Ara Constellation aka The Altar
Ara is a southern constellation. The name has a Latin origin which means “the Altar.” Claudius Ptolemy included it in the 2nd-century Almagest and it is one of the southernmost constellations that he catalogued.
It is one of the smallest constellations in the night sky, occupying an area of 237.1 square degrees. That is just 0.575% of our entire sky. In terms of size, it sits in the 63rd rank among the 88 modern constellations recognized by the International Astronomical Union (IAU). The largest of which is Hydra, covering 1,303 square degrees.
Three-letter abbreviations are used for every constellation as adopted by the IAU. Since the Ara constellation has a short name, the same name, Ara, is used as its abbreviation. The genitive is Arae.
Some notable stars are in this small constellation because it is located close to the Milky Way. Its brightest stars, Beta and Alpha Arae, are brighter than the third magnitude. Also, seven of its stars have exoplanets. While no meteor showers have their radiant from the Ara constellation, it has an array of deep-sky objects.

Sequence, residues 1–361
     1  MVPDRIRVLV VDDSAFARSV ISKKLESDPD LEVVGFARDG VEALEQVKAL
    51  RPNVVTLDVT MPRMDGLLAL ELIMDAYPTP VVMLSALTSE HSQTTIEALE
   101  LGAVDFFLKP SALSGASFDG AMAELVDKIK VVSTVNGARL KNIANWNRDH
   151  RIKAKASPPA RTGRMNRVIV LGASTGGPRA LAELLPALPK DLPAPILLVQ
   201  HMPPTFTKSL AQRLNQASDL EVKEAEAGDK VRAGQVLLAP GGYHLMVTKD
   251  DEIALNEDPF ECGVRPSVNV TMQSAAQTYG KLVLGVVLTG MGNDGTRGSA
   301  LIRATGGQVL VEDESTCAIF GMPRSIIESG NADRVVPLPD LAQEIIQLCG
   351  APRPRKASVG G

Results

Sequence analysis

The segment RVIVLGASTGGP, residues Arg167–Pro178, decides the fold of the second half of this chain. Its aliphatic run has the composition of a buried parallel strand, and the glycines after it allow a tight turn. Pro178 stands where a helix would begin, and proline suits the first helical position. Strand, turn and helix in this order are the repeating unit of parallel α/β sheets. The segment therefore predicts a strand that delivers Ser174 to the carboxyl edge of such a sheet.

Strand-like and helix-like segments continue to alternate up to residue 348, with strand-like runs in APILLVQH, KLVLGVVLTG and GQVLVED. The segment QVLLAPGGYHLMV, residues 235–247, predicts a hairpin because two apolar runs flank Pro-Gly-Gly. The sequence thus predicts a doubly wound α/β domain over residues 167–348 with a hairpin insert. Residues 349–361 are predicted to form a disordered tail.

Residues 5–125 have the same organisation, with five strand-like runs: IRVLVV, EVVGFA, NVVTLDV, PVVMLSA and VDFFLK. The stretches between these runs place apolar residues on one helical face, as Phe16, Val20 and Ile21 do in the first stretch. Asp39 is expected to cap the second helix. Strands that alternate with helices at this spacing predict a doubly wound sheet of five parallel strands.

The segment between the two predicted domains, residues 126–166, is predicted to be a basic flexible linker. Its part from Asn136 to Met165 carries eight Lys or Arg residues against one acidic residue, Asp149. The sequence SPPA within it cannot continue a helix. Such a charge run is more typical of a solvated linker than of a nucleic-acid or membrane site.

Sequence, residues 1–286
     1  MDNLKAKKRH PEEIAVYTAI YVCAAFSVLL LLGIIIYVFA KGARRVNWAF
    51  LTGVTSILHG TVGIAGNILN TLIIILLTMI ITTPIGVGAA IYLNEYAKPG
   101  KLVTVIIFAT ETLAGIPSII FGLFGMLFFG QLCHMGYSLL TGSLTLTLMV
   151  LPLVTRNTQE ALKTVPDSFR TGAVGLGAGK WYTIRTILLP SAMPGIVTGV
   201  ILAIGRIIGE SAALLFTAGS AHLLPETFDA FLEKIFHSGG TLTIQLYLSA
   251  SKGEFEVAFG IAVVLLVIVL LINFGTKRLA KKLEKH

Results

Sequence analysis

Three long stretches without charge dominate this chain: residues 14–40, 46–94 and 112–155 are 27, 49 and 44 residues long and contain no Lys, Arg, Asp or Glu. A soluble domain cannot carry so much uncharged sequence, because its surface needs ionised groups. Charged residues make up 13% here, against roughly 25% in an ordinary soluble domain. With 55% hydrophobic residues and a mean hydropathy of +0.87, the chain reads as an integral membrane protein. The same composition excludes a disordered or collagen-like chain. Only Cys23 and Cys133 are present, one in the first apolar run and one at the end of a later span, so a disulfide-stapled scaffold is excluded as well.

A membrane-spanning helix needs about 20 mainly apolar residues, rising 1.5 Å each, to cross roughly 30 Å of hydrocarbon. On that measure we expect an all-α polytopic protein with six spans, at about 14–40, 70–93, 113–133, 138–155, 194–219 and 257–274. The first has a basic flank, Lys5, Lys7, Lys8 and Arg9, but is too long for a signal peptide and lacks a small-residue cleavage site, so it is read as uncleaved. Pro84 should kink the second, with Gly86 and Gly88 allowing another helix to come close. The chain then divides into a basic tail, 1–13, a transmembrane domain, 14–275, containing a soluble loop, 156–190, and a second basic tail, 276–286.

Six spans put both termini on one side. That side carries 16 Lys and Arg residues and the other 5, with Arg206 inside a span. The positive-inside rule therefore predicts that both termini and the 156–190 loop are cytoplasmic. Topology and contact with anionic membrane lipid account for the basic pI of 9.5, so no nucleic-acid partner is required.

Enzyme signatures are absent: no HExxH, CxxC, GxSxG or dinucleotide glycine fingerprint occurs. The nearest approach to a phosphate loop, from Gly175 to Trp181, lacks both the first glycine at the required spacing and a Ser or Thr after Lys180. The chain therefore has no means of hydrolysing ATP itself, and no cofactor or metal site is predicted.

Ancient Greeks have connected this constellation to their mythology. There are two main stories related to it. One is about the great war between the Greek gods and the Titans. The other is that of King Lycaon of Arcadia. Some other stories related to it involve the nearby constellations of Lupus and Centaurus.
Ara is a member of the Hercules family of constellations, the biggest group among the eight. Other members are:
- Hercules (the Kneeler)
- Ophiuchus (the Serpent Bearer)
- Ara (the Celestial Alter)
- Serpens (the Serpent)
- Sextans (the Sextant)
- Crater (the Cup)
- Corvus (the Crow)
- Hydra (the Female Water Snake)
- Centaurus (the Centaur)
- Crux (the Southern Cross)
- Lupus (the Wolf)
- Triangulum Australe (the Southern Triangle)
- Corona Australis (the Southern Crown)
- Aquila (the Eagle)
- Sagitta (the Arrow)
- Vulpecula (the Fox)
- Cygnus (the Swan)
- Lyra (the Lyre)
What’s In A Name?